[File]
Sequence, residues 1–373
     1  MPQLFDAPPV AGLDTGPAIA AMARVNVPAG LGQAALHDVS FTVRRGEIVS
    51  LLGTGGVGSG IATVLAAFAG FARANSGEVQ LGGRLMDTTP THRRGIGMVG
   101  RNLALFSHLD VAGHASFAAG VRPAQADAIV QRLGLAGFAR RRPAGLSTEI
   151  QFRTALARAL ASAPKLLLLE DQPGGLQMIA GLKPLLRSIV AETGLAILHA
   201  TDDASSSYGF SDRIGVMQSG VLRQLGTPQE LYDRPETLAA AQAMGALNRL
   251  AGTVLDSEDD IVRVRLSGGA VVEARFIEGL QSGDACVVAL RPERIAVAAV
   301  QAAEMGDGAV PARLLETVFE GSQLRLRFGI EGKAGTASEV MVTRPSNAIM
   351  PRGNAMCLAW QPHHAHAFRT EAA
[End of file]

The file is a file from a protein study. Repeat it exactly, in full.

Sequence, residues 1–373
     1  MPQLFDAPPV AGLDTGPAIA AMARVNVPAG LGQAALHDVS FTVRRGEIVS
    51  LLGTGGVGSG IATVLAAFAG FARANSGEVQ LGGRLMDTTP THRRGIGMVG
   101  RNLALFSHLD VAGHASFAAG VRPAQADAIV QRLGLAGFAR RRPAGLSTEI
   151  QFRTALARAL ASAPKLLLLE DQPGGLQMIA GLKPLLRSIV AETGLAILHA
   201  TDDASSSYGF SDRIGVMQSG VLRQLGTPQE LYDRPETLAA AQAMGALNRL
   251  AGTVLDSEDD IVRVRLSGGA VVEARFIEGL QSGDACVVAL RPERIAVAAV
   301  QAAEMGDGAV PARLLETVFE GSQLRLRFGI EGKAGTASEV MVTRPSNAIM
   351  PRGNAMCLAW QPHHAHAFRT EAA